I’ve decided to make 2 complete corsets. Now that I think I am on the right track, I am making another mockup, but this will be a permanent usable corset… A trial run, really. I dyed some white cotton duck to muddy brown which will be the “fashion fabric” of this corset. I’m using gold grommets and some orange poly cotton to line the corset. I will do external boning channels, but I don’t know yet how.
Last night I ordered a 12 inch busk and some extra grommets from Richard the Thread. Things I liked and didn’t like about this company:
- They don’t have all busk sizes in every color
- $35 minimum purchase
- Shipping: shipping costs aren’t part of checkout, you have to wait until it is shipped and pay whatever the cost of shipping is.
- Grommets and busks are a good price
- awesome store and lots of stuff I want
Once my busk comes in, I can do a fitting. I think I need to add a gore to the hips — I chose to go with a smaller hip size (6) in order to use the gores in the hips. I will probably need a second gore.
Speaking of gores, I came up with a way to stitch my gores in that looks great and is durable. First I drew the seam allowance on the wrong side of the gore. When I reached the point where the two seam allowances intersect, I drew a straight line splitting the bottom space in half. I then stitched over these lines, from widest part to narrowest, including the line at the bottom. This way, the stitching didn’t just end at the tip unsecured.
To keep myself on track, I’ve made a list of the major steps of the process:
Do complicated math to calculate circumference of pattern
Mark & measure waist (compare to above measurements & math)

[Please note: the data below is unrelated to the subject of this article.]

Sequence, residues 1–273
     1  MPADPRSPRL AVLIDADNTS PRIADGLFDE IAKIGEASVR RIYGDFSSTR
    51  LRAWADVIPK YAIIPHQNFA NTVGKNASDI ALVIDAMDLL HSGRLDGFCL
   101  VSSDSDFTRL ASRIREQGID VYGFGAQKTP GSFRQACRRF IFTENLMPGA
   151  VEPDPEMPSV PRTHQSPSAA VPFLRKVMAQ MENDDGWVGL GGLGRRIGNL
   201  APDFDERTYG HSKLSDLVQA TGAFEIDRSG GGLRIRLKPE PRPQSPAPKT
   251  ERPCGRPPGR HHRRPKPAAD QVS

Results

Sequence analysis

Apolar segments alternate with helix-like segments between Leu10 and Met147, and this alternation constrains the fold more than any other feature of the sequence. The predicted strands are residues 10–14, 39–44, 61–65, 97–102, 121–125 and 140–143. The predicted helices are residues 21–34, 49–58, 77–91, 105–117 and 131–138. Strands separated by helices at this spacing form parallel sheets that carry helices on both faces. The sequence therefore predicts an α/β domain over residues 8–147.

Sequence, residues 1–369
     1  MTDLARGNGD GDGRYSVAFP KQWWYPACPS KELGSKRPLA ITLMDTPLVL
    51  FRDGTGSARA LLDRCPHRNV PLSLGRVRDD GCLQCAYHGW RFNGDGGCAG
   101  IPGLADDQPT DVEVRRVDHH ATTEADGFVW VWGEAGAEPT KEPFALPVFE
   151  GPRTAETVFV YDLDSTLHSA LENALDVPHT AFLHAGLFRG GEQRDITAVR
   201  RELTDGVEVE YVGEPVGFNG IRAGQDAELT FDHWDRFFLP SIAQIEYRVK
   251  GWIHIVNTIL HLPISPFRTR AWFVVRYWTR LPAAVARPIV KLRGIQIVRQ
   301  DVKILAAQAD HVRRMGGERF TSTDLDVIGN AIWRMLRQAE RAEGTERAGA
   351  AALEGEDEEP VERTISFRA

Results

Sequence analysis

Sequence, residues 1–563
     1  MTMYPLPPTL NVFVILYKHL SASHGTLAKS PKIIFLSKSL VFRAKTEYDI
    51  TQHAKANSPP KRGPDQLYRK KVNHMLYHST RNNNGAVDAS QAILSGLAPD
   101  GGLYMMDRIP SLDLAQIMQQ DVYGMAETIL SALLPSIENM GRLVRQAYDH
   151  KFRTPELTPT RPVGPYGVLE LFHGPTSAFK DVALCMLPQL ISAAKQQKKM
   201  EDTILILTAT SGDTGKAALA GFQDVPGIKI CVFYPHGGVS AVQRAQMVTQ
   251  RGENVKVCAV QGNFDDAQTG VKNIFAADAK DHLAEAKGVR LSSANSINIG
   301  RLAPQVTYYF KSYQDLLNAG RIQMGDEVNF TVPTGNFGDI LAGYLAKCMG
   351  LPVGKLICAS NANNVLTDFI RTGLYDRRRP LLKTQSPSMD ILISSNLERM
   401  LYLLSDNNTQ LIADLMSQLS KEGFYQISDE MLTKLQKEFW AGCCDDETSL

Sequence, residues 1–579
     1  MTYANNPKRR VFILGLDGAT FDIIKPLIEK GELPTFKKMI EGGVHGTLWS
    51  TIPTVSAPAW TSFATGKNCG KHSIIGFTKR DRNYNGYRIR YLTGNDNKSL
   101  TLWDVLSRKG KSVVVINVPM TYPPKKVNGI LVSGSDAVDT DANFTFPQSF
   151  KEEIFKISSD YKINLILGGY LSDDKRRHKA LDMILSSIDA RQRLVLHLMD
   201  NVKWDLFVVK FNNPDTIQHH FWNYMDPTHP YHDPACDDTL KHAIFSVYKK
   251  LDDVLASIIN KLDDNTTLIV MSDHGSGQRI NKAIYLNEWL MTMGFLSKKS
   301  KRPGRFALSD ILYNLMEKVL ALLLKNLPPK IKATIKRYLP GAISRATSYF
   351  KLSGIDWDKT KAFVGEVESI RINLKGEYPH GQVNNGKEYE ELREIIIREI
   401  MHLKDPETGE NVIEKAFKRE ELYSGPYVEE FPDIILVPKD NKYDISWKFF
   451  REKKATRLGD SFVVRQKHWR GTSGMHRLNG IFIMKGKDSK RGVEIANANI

Mark & measure bustline
Mark & measure hips
Measure length of pattern, adjust if needed
- Fitting and adjustments
- Make corset
- Sew boning channels and waist tape
- Finishing touches
With my new subscription to Foundations Revealed, I am following the corsetmaker’s course to construct Laughing Moon #100 Silverado corset. I plan to do a very detailed blog of the process for future reference, though many of the steps that are in depth on FR will just be mentioned.
I initially decided to use the Dore pattern, but Farthingales’ profile view decided it for me – I want more of a cupped breast for the FR challenge ideas that I am pursuing.
The Silverado course starts with taking exact measurements of your body and comparing them with the actual measurements of the pattern pieces. I put on my best fitting bra and made sure the straps were evenly supporting my boobs. I carefully measured in front of a floor length mirror and my resulting sizes gave me a 14 bust, 18 waist and 12 hips. I followed the recommended 75 mm reduction at the waist and 50 mm everywhere else, as well as the 15 mm seam allowance listed on the pattern, as well as a 2 inch gap in the lacing.
I cut the above sizes out of the (photocopied) pattern and sewed mockup number 1.
Made some changes, tried larger cups, went back to smaller cups, added a gore to the hips, and moved the gore to between pieces 13 and 14. My pattern pieces now look like this:
My cotton duck mockup is practically disintegrating around the edges from being handled, so I will cut and sew one more mockup, which will be used to flatline the lining of the real thing. I haven’t picked out a fabric to make it out of, but I’m considering several fabrics for the exterior, then I will pick out a pretty matching lining.